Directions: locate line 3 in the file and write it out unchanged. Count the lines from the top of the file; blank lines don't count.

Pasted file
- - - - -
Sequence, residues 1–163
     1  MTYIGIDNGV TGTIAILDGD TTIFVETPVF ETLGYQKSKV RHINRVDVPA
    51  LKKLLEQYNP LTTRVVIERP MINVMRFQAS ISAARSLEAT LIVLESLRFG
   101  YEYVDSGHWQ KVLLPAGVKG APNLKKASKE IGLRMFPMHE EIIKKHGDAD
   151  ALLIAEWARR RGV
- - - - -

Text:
    51  LKKLLEQYNP LTTRVVIERP MINVMRFQAS ISAARSLEAT LIVLESLRFG